Hello all, welcome to my first journal which has no roots or affiliations with my main journal, which will feature my Solenopsis molesta colony, who's presence has not been official announced by me to this forum, until now.
Saturday, August 8th, 2020
So a few weeks ago, Ants_Dakota and I were anting in a local park. We were flipping over rocks (to almost no avail, as they were by a stream and therefore were piled on top of each other and had no soil beneath them), when we came across a few rocks which actually did have soil underneath them, and therefore housed several colonies. Among them were Lasius americanus, Formica fusca group sp., Myrmica sp., and of course a colony of Solenopsis molesta. We attempted to excavate the Formica colony, however we couldn't find their main nest, just a nest entrance which ran into some ground which would make digging near impossible. So we were left with a mature Solenopsis molesta colony (whose nests are shallow), with thousands of workers (probably 10s of thousands). We only scratched the surface of their nest, and managed to get 3 fat queens, and over 1,000 workers, and several hundred brood. However, this was, as I mentioned, only a fraction of the colony. They likely had many more queens hidden down deeper, and tens of thousands of workers. Anyways, I took that fragment of a colony, and moved them into a test tube. Queens immediately began to produce, and their brood pile grew exponentially over the next couple weeks. They do eat a lot, typical of Solenopsis, and have been growing at a nice fast but steady pace. As of now they have literal mountains of brood in their nest, which probably numbers in the hundreds.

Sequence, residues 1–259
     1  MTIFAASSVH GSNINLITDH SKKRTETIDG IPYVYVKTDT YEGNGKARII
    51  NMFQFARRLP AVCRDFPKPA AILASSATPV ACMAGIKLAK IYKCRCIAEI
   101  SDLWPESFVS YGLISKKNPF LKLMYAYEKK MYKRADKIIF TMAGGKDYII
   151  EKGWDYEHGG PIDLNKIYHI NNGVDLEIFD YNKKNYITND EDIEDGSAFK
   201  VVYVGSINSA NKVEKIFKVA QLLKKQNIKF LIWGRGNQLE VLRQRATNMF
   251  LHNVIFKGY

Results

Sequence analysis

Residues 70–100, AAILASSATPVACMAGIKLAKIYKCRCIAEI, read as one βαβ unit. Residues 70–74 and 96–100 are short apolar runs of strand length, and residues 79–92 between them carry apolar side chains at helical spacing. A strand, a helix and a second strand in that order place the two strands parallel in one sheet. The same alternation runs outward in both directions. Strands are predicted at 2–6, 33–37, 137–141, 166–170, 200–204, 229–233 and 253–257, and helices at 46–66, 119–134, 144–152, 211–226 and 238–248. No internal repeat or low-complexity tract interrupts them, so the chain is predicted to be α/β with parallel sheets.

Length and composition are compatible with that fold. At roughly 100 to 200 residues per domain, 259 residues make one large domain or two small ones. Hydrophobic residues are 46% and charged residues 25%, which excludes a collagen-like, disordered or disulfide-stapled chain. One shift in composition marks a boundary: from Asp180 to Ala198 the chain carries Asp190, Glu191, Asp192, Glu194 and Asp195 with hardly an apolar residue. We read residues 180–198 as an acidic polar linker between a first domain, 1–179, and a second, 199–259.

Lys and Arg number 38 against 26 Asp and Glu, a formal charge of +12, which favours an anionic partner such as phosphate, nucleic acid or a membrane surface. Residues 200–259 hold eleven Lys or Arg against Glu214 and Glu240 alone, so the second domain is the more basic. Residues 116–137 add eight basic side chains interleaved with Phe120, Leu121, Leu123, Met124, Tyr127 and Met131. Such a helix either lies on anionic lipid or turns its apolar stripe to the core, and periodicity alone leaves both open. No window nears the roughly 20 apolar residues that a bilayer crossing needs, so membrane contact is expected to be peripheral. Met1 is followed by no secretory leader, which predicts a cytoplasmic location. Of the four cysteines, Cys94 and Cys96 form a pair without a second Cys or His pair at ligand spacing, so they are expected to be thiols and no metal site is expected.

Here's the colony when they first moved into the test tube, and one of the queens. You can also see they have some alate brood as well.
Edited by AntsDakota, August 8 2020 - 9:54 AM.